Russia is withdrawing from the northern region of Ukraine where they have been occupying the exclusion zone around the Chernobyl Nuclear Power Plant since February 24, 2022 during the first days of the Russian invasion in Ukraine.
According to Ukraine's state power company Energoatom, all Russian troops have left Chernobyl. Workers at the plant claim to have witnessed Russian troops drive tanks and other heavy equipment through the Red Forest during the occupation of the invasion and expose themselves to radiation while disturbing soil in the area. Following over a month of occupation in the area, Russian troops are now moving toward Belarus.
Earlier this week, a larger consulate of Russian troops left the area toward Belarus leaving a small contingency behind in the plant. Workers now say that there are no more "outsiders" in the area. On Telegram, Energoatom provided feedback from their workers who run the plant confirming the Russian occupation of the plant had ended.
The International Atomic Energy Agency (IAEA) has been engaged for technical assistance and investigation of the area. Following several power outages and after the initial overtaking of the plant, Chernobyl Nuclear Power Plant stopped reporting radiation levels in the area. According to the IAEA, the agency is "still not receiving remote data transmission from its monitoring systems installed at the Chornobyl NPP, but such data was being transferred to IAEA headquarters from other NPPs in Ukraine".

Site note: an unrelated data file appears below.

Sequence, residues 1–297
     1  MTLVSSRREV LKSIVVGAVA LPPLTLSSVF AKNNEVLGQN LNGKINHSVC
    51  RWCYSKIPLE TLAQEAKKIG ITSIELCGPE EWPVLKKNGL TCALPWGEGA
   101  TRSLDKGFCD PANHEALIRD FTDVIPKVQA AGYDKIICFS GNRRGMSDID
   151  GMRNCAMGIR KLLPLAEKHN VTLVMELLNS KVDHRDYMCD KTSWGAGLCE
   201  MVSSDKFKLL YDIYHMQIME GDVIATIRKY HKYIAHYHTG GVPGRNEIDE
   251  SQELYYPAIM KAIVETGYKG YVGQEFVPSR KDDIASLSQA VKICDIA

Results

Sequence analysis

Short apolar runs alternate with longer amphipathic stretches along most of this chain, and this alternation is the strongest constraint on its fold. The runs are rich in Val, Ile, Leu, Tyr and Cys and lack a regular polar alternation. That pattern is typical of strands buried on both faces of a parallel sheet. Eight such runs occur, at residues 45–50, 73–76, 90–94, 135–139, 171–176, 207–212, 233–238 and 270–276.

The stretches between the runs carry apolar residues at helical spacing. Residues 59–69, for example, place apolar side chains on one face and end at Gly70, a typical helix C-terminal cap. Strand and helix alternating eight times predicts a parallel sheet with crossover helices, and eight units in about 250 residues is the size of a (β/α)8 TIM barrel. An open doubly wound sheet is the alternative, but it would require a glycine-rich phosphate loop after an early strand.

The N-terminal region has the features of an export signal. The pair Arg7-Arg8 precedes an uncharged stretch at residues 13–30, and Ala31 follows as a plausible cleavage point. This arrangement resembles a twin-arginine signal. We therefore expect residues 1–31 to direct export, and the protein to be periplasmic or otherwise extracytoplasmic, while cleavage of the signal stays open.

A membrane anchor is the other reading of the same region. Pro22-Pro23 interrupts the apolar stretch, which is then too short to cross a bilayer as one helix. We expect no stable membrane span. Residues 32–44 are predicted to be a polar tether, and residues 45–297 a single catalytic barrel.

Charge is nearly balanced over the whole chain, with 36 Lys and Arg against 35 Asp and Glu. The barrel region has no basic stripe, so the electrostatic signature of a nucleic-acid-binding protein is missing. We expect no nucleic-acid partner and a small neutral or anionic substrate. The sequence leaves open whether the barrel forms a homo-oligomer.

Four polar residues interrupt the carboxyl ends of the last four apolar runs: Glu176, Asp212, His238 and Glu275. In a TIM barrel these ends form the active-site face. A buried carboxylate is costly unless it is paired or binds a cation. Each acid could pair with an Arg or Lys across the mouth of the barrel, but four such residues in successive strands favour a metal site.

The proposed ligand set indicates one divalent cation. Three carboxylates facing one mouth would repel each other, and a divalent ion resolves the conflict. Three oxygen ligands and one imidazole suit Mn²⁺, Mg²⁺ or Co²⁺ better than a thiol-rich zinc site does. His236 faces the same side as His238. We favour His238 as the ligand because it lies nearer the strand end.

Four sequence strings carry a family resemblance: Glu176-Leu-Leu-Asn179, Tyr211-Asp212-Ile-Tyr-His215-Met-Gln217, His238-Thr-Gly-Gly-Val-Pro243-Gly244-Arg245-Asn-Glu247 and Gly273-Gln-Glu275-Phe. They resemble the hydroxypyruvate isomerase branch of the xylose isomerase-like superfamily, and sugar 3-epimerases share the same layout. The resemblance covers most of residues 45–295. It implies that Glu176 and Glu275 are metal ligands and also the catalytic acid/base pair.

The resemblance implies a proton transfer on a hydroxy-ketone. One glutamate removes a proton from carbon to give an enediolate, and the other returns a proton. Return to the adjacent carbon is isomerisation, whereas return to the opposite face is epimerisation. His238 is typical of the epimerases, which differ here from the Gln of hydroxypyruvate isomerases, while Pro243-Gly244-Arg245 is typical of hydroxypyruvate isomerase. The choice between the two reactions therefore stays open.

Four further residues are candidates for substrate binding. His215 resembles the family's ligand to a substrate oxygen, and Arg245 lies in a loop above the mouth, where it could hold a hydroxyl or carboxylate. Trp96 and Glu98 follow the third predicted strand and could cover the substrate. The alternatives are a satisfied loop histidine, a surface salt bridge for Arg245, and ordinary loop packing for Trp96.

Ukraine has fifteen operational reactors spread over four sites in the country, of which nine are operational. Two sites are in Russian controlled Zaporizhzhya. The others are in Rivne, Khmelnytskyy and Souther Ukraine. The other six reactors have been shut down for "regular maintenance" according to the IAEA. Chernobyl has been decommissioned since 1986 after reactor 4 melted down in arguably the worst nuclear disaster in history. Today, the area around Chernobyl is a radiation exclusion zone and maintained by Ukraine in order to limit the risk of radiation exposure. Tours were conducted in limited groups before the Russian invasion and the site remains a testament to nuclear safety and the evolution of atomic programs around the world.